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In the world of courier and same-day delivery, it should be as clear as the road in front of you. Professional driver contracting and ongoing monitoring is critical to enhancing your safety record and minimizing costs associated with motor vehicle losses.
And at the head of the line are MVRs.
The single most valuable tool you have to identify reckless drivers before they jeopardize your insurance record is the MVR - the 'Motor Vehicle Report," a.k.a. driving record. But how useful are MVRs for screening drivers?
How do you obtain driver MVRs? In your ads, tell applicants to bring you an up-to-date MVR. Drivers can get their own at any local Motor Vehicle Office. Consider signing up with an online MVR service to gain the ability to order them yourself - the time and hassle saved will more than offset the fees. (Your insurance broker can order and review MVRs for you, too.)
While the ideal candidate has a "clean" driving record (i.e., no moving violations or at-fault accidents), the insurance and delivery industries have developed more realistic but still effective standards. Some couriers will not contract drivers with more than two or three accidents. Others accept only a certain number of "points" (note however that different states use different point systems).
In general, make sure all drivers receive a copy of your standards and understand them. If you only charge for "at-fault" accidents, remember that drivers are responsible for documenting that accidents were not their fault (for example, by producing a police report). Finally, do not let drivers on the road with suspended licenses, even if the cause is unpaid parking tickets. Have the driver pay the fines and obtain proof of license reinstatement.
When contracting drivers who will use their own vehicles - either as independent contractors or employees - two further checks are in order. The first involves vehicle inspection. Some services have extremely high standards for appearance as well as maintenance, while others merely desire "working" vehicles.
Regardless, at minimum, an experienced manager should examine the vehicle's exterior, interior, and underside for such things as adequate tire tread and shocks, working windshield wipers and dashboard lights, and the absence of fluid leaks or loose exhaust pipes. It is useful to have a Vehicle Inspection Checklist to guide the manager and facilitate documentation. While many commercial checklists focus on trucks, more appropriate forms can be found.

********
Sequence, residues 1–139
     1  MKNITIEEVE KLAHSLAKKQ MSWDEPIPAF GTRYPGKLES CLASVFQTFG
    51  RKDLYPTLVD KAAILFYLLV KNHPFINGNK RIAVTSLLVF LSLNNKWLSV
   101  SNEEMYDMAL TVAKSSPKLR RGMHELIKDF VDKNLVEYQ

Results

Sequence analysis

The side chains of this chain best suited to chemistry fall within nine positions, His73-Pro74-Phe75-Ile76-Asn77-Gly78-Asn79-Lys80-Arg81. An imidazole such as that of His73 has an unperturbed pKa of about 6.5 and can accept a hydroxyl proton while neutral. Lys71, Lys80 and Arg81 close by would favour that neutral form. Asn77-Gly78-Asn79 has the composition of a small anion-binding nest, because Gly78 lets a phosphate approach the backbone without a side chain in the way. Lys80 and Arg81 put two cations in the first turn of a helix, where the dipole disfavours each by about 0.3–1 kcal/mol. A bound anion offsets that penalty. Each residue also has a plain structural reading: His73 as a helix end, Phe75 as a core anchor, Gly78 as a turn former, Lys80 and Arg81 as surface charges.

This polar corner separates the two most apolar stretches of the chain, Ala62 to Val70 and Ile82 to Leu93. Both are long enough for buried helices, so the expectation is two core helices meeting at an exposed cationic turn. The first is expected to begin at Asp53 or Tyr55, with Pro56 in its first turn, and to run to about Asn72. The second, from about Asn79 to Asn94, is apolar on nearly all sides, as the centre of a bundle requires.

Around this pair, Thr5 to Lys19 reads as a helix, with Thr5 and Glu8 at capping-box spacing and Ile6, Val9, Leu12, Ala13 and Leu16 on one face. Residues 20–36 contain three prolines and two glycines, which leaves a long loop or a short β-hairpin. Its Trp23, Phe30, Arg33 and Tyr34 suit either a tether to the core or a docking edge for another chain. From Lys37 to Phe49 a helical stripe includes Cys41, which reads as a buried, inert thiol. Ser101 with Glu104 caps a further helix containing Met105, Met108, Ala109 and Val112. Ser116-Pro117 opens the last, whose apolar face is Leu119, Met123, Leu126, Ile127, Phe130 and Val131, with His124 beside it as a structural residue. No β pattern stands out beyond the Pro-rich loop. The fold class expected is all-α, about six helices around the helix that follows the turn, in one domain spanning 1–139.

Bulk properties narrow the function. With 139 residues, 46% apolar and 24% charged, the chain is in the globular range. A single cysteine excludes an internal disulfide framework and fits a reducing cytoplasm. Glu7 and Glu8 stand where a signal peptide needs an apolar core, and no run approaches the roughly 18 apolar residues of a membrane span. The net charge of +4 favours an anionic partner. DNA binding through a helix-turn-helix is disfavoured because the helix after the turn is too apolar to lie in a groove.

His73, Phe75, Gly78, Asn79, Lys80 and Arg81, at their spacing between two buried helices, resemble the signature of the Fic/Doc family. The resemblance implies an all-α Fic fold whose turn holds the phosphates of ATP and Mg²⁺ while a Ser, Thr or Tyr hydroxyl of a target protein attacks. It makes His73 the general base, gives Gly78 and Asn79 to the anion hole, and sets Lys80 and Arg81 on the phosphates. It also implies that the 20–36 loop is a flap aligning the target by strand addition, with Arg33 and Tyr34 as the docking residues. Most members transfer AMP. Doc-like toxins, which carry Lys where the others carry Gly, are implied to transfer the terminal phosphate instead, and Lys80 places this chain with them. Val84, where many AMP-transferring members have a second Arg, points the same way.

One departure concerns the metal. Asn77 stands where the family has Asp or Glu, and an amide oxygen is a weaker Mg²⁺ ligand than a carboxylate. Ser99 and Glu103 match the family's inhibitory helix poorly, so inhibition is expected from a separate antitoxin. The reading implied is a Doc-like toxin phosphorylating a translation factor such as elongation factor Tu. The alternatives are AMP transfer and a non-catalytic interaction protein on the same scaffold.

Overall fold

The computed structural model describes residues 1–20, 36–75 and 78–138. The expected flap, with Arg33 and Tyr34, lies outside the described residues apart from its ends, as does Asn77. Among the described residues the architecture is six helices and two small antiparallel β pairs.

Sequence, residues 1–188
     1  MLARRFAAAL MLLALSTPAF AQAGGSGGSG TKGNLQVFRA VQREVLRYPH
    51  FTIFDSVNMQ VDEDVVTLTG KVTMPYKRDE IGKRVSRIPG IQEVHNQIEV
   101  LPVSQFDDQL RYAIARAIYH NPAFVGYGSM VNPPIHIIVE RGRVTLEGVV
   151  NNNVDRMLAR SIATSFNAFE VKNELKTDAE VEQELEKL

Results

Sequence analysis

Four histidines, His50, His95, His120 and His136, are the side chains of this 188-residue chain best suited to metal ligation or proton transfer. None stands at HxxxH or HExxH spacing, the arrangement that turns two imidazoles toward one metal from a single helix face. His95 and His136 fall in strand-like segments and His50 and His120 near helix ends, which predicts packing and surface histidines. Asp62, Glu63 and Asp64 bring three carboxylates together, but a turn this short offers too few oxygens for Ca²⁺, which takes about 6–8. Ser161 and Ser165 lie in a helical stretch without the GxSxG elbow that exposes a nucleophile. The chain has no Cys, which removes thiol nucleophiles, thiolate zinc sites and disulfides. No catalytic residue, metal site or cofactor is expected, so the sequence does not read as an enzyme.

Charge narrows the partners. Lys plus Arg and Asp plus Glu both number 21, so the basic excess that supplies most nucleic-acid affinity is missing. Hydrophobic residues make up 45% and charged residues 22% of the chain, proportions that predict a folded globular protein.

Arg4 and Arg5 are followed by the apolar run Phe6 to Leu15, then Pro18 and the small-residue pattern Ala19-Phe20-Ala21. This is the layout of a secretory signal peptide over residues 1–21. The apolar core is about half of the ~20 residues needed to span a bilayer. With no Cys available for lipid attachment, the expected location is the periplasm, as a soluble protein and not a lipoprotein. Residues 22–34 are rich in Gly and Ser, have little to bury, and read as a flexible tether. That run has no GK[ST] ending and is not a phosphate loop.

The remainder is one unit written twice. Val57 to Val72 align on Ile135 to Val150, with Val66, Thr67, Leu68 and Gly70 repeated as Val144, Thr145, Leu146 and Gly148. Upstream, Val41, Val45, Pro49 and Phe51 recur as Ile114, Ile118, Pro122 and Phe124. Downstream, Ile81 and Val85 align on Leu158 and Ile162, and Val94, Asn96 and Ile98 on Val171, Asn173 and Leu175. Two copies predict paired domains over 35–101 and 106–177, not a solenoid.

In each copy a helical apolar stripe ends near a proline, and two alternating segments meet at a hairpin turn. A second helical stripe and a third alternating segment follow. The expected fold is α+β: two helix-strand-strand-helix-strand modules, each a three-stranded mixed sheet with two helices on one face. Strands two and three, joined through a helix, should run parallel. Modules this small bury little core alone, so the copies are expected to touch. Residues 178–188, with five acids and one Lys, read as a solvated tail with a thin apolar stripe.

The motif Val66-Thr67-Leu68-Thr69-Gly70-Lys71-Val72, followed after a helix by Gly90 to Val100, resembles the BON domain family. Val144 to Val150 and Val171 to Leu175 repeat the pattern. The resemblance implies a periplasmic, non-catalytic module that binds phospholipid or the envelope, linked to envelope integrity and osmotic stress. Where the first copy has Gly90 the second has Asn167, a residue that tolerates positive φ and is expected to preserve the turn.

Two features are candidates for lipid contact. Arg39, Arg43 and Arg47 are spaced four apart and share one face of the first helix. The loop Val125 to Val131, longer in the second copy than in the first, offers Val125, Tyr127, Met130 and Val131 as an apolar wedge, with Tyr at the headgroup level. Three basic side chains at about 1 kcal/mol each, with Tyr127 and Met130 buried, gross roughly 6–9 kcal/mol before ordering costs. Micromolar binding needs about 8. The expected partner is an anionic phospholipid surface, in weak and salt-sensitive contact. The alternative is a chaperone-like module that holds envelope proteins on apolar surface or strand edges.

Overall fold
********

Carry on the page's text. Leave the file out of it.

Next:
Also, a driver's insurance is an indicator of his/her attitude toward risk and responsibility, plus respect for the law. It also is a critical line of defense against corporate liability in the event of an accident. The more insurance carried by a driver, the less likely it is that your company will get drawn into a lawsuit and must make a large insurance claim. Many delivery companies simply ask for proof of insurance - often an insurance ID card. ID cards show the name of the insurance company and the expiration date of the policy, but they do not normally show the limits of insurance carried by the driver.
Liability limits are clearly important - choose drivers with higher limits whenever possible - and should be documented on your driver spreadsheet. I recommend setting the minimum standard for liability limits at 100/300/50. These "split limits" mean that in the event of an accident the policy will pay $100,000 per person injured, $300,000 for all injuries, and $50,000 for property damage. Statistics show that such limits are usually sufficient for all but major crashes. Also, the additional premiums are reasonable - often about $200 per year.
Many delivery drivers and courier drivers carry insurance limits of 100/300/50 or higher on their own, but sometimes it can seem difficult to find qualified drivers willing to pay for anything above your state's mandatory 28 minimum insurance limits. In the past, several of the most attractive insurance programs insisted on standards of 100/300/50, but this is no longer the case. Still, companies with higher standards typically pay lower rates.
Part III of our series on hiring courier drivers will look at monitoring practices and the critical elements of loss control for your delivery business.
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